Yesterday details were made public about a Southern Seminary professor and the circumstances surrounding his resignation. Dr. David Sills resigned in May 2018. Baptist Press gave no specific reason for his resignation at that time but alluded that there were moral concerns.
In a statement published at lyellstatementonabuse.com, one of Sills’ former students gives her account of what transpired, why she waited to tell her story, and why she decided to go public now. Jennifer Lyell, 2006 graduate of SBTS, says in her statement that 2004 was the first time Sills acted against her. She describes being shocked and blaming herself despite that she had not initiated the encounter.
The story fits well with what we know how sexual abusers groom their victims to gain control and prevent them from escaping the relationship. According to Lyell’s account, Sills knew of previous abuse Lyell had suffered, was in a position of authority over her, took advantage of the vulnerability, and then surrounded Lyell with others who would make telling anyone about the abuse personally devastating to Lyell. I believe the portrait that’s painted for us in Lyell’s statement is of someone we expected to protect and care for the vulnerable but instead took advantage for his own purposes.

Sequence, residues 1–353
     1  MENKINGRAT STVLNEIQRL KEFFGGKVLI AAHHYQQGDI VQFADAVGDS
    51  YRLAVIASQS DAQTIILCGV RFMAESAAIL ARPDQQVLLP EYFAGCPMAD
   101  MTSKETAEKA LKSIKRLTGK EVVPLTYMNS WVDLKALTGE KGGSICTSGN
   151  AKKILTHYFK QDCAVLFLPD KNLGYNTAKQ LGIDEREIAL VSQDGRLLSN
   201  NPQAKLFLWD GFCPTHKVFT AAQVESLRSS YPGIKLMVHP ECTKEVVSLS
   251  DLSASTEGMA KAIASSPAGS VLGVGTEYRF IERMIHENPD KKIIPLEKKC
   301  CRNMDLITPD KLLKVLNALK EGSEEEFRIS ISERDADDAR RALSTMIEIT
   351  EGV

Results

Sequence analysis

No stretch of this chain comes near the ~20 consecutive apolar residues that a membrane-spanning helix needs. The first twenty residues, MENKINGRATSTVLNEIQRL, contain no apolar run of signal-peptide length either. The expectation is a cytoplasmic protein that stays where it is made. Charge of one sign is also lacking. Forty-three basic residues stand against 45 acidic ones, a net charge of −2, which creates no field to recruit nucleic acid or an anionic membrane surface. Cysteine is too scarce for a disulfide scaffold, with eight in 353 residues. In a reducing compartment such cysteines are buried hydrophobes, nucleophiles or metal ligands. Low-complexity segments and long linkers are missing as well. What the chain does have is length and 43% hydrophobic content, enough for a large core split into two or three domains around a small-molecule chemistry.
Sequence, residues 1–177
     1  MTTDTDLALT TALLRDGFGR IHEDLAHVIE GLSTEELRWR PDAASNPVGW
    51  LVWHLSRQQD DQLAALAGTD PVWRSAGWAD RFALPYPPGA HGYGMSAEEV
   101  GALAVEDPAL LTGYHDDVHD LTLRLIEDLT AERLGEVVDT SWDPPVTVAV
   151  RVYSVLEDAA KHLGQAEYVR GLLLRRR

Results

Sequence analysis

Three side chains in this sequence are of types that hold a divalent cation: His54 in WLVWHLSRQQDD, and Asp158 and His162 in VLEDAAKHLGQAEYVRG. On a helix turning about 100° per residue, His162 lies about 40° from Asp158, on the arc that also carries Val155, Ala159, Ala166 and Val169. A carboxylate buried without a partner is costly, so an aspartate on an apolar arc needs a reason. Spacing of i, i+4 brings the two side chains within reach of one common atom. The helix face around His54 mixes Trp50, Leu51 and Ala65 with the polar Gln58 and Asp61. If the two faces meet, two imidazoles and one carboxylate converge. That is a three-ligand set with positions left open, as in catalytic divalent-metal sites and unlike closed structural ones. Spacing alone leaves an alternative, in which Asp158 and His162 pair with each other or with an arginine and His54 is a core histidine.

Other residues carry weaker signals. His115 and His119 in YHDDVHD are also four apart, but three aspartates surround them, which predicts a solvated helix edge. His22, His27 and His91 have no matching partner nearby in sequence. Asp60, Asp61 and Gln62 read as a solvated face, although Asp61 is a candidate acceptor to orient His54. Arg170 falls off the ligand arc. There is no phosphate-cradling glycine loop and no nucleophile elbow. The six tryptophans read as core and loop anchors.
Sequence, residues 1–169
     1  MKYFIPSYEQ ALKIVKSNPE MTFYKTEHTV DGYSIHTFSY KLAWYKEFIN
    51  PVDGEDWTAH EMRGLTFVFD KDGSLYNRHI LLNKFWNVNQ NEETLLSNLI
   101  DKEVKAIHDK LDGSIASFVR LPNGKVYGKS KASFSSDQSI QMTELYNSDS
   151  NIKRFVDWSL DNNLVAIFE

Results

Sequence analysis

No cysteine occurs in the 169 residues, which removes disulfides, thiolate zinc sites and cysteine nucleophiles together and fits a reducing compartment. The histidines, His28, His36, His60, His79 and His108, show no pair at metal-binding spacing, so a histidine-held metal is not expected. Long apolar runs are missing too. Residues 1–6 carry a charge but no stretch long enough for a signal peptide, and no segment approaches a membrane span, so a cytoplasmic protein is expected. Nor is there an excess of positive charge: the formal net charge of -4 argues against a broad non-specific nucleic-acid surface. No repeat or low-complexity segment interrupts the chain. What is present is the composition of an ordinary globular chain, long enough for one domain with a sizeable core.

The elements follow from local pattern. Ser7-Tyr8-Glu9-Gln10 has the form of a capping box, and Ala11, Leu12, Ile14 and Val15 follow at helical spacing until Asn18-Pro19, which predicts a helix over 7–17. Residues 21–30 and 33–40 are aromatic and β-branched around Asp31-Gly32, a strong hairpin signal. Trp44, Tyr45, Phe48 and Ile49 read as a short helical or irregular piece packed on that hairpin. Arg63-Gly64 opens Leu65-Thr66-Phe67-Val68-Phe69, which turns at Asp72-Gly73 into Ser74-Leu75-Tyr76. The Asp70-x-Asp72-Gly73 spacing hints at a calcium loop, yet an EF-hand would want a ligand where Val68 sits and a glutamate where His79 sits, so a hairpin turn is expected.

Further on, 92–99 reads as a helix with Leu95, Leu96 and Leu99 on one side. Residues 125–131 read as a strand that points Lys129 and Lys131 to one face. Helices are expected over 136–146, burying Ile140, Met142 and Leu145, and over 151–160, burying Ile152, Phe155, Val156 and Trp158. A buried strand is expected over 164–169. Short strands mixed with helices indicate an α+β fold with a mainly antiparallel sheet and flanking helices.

When Lyell disclosed her abuse to her employer, Eric Geiger, then of LifeWay, he contacted SBTS. Lyell commends Geiger and Dr. Mohler, president of SBTS, for their handling of the situation and taking immediate action. Lyell states she wasn’t willing to publicly disclose the details and that wish was respected by SBTS and LifeWay.
However, Sills was recently appointed as a missionary at a non-SBC missions agency, which led Lyell to realize she needed to tell her story publicly – in order to avoid someone accused of sexual abuse from being appointed to a position of Christian leadership.
I would encourage you to read and think carefully through Jennifer’s statement. If you’re unfamiliar with the dynamics of how abusers operate, consider the position of leadership and trust that’s described, and how we expect our leaders to care for someone in her situation versus what is described.
And Jennifer, if you happen to read this, you have our prayers, love, and support. We believe you. We’re also praying for many others who’ve been affected in this heartbreaking situation.
For news coverage we recommend the story available at The Biblical Recorder, which is a revised version of the original Baptist Press story.